(Los Angeles) A new request for the parole of Sirhan Sirhan, the assassin of Robert Kennedy in 1968, was rejected on Wednesday by a specialized commission in California.
Aged 78, Mr. Sirhan has been imprisoned for more than fifty years, despite the doubts surrounding his responsibility in this assassination which profoundly upset American political life.
Mr. Sirhan thus suffered a new rejection, after multiple requests.
In August 2021, another commission had given the green light to his release, but California Governor Gavin Newsom had opposed this decision in January of the following year.
The elected Democrat had at the time considered that Mr. Sirhan represented “an unreasonable threat to public safety”, citing several factors to explain his decision, “including Mr. Sirhan’s refusal to accept responsibility for his crime. »
Sirhan Sirhan was found guilty in April 1969 of the murder of Robert Kennedy, the younger brother of President John Fitzgerald Kennedy – also assassinated.
Nicknamed “Bobby,” the New York senator was himself campaigning for the presidency of the United States when he was shot dead in a Los Angeles hotel in 1968.
First sentenced to death, Mr. Sirhan then saw his sentence commuted to life in prison several years later.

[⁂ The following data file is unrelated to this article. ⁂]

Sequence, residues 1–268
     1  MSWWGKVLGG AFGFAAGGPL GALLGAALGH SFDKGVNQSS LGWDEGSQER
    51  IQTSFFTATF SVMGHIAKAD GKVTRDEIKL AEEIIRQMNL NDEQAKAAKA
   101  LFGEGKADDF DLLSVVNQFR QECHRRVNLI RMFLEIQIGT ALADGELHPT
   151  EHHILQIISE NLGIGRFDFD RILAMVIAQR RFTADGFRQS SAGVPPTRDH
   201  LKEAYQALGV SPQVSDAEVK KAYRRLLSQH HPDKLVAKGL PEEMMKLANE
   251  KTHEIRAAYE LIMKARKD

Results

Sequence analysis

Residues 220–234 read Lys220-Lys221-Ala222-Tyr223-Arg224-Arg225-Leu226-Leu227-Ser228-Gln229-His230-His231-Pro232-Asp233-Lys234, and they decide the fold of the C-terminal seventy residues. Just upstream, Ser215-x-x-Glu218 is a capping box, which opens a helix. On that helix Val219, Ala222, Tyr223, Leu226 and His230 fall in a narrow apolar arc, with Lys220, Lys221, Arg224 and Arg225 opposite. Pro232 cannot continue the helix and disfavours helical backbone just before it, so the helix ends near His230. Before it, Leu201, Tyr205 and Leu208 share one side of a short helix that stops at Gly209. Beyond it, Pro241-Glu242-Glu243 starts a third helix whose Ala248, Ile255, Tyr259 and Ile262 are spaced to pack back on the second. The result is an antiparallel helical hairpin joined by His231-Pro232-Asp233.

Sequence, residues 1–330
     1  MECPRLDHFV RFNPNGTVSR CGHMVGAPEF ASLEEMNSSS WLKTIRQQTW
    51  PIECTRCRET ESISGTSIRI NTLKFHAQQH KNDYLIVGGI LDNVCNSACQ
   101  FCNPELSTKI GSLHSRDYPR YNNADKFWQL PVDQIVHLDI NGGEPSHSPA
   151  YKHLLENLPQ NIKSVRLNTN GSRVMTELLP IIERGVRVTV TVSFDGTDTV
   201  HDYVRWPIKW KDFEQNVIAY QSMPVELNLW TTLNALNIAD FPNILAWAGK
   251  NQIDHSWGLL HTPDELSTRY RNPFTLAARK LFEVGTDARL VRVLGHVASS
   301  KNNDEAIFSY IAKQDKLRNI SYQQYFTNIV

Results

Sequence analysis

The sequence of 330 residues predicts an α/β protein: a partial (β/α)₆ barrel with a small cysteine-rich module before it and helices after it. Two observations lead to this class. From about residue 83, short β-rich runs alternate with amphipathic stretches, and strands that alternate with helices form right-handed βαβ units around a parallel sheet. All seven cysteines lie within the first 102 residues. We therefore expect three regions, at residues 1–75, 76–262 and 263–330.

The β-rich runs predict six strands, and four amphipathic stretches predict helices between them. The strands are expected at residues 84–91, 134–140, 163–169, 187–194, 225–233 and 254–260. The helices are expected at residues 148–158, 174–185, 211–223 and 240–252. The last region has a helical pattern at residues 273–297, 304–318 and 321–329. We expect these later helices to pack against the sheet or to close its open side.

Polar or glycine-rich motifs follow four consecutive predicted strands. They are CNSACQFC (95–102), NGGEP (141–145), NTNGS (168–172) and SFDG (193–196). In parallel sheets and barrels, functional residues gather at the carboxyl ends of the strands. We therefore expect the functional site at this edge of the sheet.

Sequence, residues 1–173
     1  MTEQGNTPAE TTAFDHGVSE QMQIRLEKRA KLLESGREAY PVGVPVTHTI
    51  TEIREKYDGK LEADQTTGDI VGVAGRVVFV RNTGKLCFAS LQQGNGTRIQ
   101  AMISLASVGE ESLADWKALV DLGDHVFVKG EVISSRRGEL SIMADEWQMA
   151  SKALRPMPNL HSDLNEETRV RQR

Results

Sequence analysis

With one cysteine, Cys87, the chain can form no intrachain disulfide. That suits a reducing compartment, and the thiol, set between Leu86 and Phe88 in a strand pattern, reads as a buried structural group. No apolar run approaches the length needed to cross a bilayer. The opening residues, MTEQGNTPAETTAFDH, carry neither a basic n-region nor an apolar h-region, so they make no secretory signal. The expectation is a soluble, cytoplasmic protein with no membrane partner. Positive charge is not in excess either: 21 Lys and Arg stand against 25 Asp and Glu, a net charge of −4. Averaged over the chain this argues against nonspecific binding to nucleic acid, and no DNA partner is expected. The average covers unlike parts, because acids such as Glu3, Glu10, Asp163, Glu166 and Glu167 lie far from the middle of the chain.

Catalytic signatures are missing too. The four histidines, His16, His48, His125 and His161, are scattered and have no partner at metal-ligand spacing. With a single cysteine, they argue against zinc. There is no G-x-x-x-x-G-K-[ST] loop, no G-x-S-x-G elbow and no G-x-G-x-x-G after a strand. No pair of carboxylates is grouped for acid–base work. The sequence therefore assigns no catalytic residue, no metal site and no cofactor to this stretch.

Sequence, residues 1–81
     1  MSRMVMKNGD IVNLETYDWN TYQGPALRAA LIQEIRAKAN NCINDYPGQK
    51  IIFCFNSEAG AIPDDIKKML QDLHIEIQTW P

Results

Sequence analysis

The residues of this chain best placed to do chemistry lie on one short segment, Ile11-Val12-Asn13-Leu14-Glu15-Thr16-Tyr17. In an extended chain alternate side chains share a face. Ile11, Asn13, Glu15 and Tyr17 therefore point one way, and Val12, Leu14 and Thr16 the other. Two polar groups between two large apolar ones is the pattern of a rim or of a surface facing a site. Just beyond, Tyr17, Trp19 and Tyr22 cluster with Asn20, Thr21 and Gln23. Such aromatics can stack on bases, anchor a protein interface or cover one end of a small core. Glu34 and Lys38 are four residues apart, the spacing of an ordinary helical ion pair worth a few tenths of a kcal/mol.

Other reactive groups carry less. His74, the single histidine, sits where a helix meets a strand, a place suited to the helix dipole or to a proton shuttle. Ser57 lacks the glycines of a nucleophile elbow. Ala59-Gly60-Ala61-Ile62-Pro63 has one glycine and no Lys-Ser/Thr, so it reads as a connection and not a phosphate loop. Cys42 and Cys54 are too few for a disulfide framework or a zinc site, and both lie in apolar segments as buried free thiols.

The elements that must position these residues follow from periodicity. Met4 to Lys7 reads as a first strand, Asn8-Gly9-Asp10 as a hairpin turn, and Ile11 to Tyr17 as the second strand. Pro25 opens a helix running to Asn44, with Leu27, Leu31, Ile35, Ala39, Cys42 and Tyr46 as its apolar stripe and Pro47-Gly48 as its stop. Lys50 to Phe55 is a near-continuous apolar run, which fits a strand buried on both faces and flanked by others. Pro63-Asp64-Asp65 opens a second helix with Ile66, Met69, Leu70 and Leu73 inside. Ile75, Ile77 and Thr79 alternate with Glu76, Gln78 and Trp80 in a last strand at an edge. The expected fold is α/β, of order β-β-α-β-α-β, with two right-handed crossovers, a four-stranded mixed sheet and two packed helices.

Doubts about Sirhan’s guilt have remained since his trial. The hearing had revealed that Bobby Kennedy was shot at close range from behind, but Sirhan was standing in front of him according to some witnesses.
Later it emerged that 13 shots had been fired, while Sirhan’s gun could only hold eight bullets.
Suspicion over the verdict led Kennedy’s son, Robert F. Kennedy Jr, to visit Mr. Sirhan in prison.
“I went there because I was curious and disturbed by what I had seen in the evidence,” he told the washington post in 2018. “I was troubled by the idea that the wrong person could have been convicted for killing my father. »
He and his younger brother, Douglas, backed Mr Sirhan’s bid to free him in 2021.
Palestinian immigrant, Mr. Sirhan had initially justified his gesture by the support of Robert Kennedy for the sale of military planes to Israel.
At a parole hearing in 2016, Mr Sirhan claimed he had drunk too much the night of the crime and wished “nothing had happened”.
He had also assured that his earlier confessions during the trial were made by a lawyer who had badly advised him.